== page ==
Here's a phones table with notes. I'm not sure about the arrangement of the aspirated stops, and I didn't include preglottalized stops. Arrangement may need to be tweaked. Also, I'm not sure whether this table counts as OR, or is an appropriate synthesis of information provided by sources. — Eru·tuon 20:42, 1 April 2015 (UTC)


This table shows the consonant sounds in English. Phonemes are unmarked, but allophones are enclosed in parentheses, and dialectal phones are marked with asterisks.

Major consonant phones of English
Bilabial Labio-
Dental Alveolar Post-
Retroflex Palatal Velar Glottal
Nasal              m              n                ŋ
Stop     (p)   b t̪ʰ* ()*  ()*     (t)   d ʈ*   ɖ*     (k)   ɡ     ʔ
Affricate tʃʷʰ    (tʃʷ)   dʒʷ
Fricative f     v       θ    ð       s    z          ʃʷ     ʒʷ     x*     h
Flap              ɾ*
Trill              r*
Approximant               ɹ̠ʷ         ɻʷ (ç)    j        ʍ*   w
Lateral (ɫ)       l
  • Fortis stops and affricates /p t tʃ k/ are always voiceless. In most dialects, they are aspirated [pʰ tʰ tʃʰ kʰ] when they occur alone at the beginning of stressed syllables, as in pin [pʰɪn], but are unaspirated in other cases, as in spin [spɪn]. At the end of words, they are frequently preglottalized, as in nip [nɪˀp].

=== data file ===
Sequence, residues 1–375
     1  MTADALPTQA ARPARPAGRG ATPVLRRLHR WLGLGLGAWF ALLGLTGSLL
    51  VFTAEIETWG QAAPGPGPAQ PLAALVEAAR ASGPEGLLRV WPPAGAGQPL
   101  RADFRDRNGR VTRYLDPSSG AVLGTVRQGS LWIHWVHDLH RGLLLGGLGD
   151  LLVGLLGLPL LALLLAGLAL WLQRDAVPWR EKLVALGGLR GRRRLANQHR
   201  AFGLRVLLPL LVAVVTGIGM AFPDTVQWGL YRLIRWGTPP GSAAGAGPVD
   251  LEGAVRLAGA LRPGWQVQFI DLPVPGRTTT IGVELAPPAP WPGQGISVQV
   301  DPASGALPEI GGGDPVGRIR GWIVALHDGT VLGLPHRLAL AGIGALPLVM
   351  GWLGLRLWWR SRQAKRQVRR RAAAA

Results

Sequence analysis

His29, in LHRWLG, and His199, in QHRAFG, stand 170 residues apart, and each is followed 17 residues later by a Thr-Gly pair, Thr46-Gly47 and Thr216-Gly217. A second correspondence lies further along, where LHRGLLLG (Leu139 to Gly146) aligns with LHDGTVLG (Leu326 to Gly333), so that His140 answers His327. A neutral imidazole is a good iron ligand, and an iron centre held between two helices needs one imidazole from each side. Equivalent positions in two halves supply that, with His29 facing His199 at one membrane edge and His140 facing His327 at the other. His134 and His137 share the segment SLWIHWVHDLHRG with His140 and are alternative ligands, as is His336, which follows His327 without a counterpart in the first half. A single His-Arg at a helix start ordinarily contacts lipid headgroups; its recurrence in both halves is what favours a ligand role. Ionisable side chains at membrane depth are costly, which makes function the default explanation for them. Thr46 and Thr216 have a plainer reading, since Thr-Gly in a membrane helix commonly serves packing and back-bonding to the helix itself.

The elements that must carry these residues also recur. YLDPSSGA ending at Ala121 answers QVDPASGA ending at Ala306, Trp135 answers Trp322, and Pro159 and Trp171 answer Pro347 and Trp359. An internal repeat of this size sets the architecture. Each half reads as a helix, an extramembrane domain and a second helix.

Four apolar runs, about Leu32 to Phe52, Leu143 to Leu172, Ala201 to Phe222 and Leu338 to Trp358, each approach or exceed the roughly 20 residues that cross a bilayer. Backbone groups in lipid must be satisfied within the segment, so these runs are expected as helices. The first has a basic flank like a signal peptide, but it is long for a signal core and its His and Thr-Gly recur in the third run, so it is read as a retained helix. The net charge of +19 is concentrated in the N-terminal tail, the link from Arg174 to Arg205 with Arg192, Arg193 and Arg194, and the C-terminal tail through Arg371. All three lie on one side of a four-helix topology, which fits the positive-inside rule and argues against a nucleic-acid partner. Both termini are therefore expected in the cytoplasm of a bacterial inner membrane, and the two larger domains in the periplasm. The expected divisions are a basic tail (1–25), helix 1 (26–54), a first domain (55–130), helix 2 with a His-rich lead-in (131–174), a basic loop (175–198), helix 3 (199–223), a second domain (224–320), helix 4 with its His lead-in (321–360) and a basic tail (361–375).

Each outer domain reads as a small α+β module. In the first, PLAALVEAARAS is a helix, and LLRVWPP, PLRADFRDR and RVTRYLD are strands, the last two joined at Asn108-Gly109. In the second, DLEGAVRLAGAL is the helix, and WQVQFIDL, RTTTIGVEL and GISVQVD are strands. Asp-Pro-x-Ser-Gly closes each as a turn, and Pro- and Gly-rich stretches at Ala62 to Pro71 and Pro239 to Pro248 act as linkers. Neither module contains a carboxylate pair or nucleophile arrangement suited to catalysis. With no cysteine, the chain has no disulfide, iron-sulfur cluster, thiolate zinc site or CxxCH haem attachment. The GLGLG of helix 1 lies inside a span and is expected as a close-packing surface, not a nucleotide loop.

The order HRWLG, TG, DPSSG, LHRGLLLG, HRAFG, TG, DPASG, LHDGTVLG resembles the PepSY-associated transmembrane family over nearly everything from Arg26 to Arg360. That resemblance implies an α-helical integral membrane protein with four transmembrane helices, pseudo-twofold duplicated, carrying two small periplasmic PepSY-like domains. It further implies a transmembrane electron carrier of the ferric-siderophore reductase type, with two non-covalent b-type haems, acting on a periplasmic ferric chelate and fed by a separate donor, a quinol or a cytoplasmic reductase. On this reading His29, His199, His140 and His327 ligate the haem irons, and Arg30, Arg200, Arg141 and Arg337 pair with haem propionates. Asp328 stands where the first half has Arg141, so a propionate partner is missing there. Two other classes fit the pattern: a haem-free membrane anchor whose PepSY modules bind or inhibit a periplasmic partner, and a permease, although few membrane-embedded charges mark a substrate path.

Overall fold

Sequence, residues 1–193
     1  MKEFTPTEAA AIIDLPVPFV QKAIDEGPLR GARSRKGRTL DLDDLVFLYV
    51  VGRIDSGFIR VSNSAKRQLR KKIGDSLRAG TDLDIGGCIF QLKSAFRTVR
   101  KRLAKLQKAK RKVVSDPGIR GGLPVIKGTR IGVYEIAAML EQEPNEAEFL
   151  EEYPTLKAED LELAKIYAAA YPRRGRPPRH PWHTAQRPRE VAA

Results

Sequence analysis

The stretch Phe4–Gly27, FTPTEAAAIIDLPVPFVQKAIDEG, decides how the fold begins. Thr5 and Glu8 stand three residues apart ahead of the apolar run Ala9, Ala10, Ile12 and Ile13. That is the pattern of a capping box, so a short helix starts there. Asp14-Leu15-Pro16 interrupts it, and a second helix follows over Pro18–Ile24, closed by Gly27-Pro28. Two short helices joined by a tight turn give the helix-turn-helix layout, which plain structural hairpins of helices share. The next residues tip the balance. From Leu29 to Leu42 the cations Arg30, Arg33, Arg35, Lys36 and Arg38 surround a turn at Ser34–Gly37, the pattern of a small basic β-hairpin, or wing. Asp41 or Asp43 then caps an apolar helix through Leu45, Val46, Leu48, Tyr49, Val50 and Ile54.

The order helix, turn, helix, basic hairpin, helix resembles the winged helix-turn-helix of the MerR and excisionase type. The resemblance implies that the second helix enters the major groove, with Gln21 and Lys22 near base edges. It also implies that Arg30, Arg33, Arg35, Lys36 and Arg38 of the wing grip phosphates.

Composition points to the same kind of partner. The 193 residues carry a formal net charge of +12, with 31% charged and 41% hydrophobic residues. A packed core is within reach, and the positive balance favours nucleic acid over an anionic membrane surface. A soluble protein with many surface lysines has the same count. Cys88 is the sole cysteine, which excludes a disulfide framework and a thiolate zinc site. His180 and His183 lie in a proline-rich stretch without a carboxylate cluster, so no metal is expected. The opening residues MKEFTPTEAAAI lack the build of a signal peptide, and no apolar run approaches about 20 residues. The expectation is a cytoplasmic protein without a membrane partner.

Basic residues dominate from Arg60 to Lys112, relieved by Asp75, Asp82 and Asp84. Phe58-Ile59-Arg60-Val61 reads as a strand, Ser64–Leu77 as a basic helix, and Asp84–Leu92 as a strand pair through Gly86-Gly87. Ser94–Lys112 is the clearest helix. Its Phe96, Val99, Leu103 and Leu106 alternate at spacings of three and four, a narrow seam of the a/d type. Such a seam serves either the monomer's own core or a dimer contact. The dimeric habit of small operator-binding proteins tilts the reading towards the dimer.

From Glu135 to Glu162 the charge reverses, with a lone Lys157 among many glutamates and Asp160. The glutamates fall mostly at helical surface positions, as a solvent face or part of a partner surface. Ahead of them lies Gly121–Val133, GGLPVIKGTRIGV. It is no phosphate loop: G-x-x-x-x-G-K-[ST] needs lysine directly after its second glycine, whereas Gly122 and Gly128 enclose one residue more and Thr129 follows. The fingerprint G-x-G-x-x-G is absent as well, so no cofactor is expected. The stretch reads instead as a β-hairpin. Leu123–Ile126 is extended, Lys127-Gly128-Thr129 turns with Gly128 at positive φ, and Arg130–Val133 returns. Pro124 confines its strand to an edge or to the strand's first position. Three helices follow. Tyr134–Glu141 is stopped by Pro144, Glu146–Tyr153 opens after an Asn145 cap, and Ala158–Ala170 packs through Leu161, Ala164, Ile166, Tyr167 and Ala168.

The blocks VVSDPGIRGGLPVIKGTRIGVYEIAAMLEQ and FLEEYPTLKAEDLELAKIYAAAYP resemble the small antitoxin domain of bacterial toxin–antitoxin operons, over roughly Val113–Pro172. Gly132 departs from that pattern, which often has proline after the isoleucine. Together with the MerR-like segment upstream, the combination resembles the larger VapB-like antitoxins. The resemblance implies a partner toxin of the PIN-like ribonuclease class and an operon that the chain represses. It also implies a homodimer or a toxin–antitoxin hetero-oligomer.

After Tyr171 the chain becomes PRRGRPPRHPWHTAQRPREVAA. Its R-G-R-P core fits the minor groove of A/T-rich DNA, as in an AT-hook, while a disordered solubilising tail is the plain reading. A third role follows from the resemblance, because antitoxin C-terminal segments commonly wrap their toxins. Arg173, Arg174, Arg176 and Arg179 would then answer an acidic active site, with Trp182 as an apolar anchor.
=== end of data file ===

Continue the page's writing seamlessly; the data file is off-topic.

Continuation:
• Lenis stops and affricates /b d dʒ ɡ/ are always unaspirated. In most dialects, they are partially voiced at the beginning and end of words, as in bin [b̥ɪn] and nib [nɪb̥], and fully voiced between vowels, as in about [əˈbaʊt].
  • The dental fricatives /θ, ð/ are lost in some dialects, and instead pronounced as labiodental fricatives [f, v], dental stops [t̪ d̪], or alveolar stops [t, d] (th-fronting or th-stopping). These pronunciations occur in Southern England, Ireland, and in African American Vernacular English.
  • The alveolar stops /t, d/ are often pronounced as retroflex [ʈ, ɖ] in Indian English. They are both pronounced as an alveolar flap [ɾ] between vowels in the United States, Canada, Australian, and New Zealand (intervocalic alveolar-flapping).
  • The alveolar stop /t/ is pronounced as a glottal stop [ʔ] before nasals in most dialects, as in button [ˈbʌʔ.n̩], and after vowels in Southern England, as in butter [ˈbʌʔə] and what [ˈwɒʔ]. The glottal stop also occurs in the interjections uh-oh and uh-uh.
  • The rhotic consonant /r/ is the approximant [ɹ] in most dialects, but sometimes a trill or flap [r ɾ] in Scottish, Irish, and Indian English.
  • Postalveolar and retroflex consonants /tʃ dʒ r/ are somewhat labialized (pronounced with rounded lips) in most dialects: [tʃʷʰ tʃʷ dʒʷ ʃʷ ʒʷ ɹ̠ʷ ɻʷ].
  • In RP, the lateral approximant /l/ is pronounced as clear or plain [l] before vowels, but dark or velarized [ɫ] after vowels at the end of syllables. In some dialects, dark l is pronounced as a labiovelar approximant [w], and in American and Scottish English most cases of /l/ are pronounced as dark [ɫ].